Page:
A year-long review leads to action on unwarranted variation in parastomal hernia care in Scotland. A report and action plan have been published to ensure patients across NHS Scotland receive consistent advice regarding parastomal hernia prevention and management.
Reviewed and approved by the chief pharmaceutical and nursing officers, the new approach is to be rolled out across Scotland with support from the Scottish deputy nurse director group.
A stoma is an opening made on the surface of the abdomen in order to divert the colon or ileum through the abdominal wall, allowing the flow of faeces or urine into a stoma bag worn on the stomach.
When a stoma is brought out through the wall of the abdomen it must pass through a layer of muscles, making a potential area of weakness, where a parastomal hernia could potentially develop.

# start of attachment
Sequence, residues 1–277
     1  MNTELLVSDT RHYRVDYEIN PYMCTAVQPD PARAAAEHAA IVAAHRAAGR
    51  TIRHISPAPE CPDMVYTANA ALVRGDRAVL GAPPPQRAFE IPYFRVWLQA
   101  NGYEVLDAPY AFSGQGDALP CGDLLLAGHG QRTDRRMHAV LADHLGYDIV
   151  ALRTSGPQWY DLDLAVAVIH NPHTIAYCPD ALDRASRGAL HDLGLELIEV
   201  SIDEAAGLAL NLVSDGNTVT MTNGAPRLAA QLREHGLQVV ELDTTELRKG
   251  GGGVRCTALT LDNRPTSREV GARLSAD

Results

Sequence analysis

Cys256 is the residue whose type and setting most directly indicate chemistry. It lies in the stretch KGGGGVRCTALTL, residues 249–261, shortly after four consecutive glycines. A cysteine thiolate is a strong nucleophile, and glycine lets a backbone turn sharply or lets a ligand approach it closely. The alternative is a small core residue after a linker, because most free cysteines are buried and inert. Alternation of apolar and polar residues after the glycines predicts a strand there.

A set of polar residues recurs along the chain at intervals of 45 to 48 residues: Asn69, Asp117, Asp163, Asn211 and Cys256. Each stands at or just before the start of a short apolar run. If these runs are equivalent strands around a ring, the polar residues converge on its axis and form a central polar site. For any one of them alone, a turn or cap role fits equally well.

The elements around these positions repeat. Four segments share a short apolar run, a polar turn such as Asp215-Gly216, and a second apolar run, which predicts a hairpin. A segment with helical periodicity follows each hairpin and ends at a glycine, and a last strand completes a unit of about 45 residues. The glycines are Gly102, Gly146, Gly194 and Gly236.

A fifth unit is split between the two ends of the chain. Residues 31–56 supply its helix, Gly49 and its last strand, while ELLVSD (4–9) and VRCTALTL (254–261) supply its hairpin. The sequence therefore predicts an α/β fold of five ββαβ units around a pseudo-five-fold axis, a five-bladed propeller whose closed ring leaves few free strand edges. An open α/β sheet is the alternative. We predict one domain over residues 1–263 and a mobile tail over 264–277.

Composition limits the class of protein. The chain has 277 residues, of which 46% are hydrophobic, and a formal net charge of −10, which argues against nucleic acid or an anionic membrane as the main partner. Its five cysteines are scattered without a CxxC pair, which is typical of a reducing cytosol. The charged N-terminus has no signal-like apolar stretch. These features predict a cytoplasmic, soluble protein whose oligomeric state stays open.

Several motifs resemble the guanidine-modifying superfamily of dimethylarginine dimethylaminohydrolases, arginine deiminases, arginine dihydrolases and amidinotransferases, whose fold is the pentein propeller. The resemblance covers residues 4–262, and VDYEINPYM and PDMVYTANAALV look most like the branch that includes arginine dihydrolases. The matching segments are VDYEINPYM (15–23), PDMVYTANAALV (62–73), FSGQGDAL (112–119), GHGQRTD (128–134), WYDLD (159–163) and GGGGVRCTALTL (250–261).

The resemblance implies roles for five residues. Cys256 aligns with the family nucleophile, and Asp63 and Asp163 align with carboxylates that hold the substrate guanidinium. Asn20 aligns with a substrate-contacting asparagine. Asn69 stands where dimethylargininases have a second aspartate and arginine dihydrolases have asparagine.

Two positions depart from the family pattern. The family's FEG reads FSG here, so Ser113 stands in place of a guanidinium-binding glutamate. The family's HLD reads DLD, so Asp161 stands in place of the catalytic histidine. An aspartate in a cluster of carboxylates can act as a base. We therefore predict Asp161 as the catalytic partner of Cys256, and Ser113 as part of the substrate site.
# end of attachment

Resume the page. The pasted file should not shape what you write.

In some cases, the muscles come away from the edges of the stoma creating a gap and hence a weakness for a parastomal hernia to form where there is no muscle.
Support garments sold to prevent and manage parastomal hernia represent a significant proportion of healthcare prescribing expenditure despite ‘a limited evidence base to support clinical use’, according to the ostomy support garment short life working group.
The group found levels of inappropriate prescribing and waste associated with unwarranted variation throughout Scotland – something the new action plan will seek to address with a ‘once for Scotland’ approach.
This story was supplied as part of our partnership with healthandcare.scot.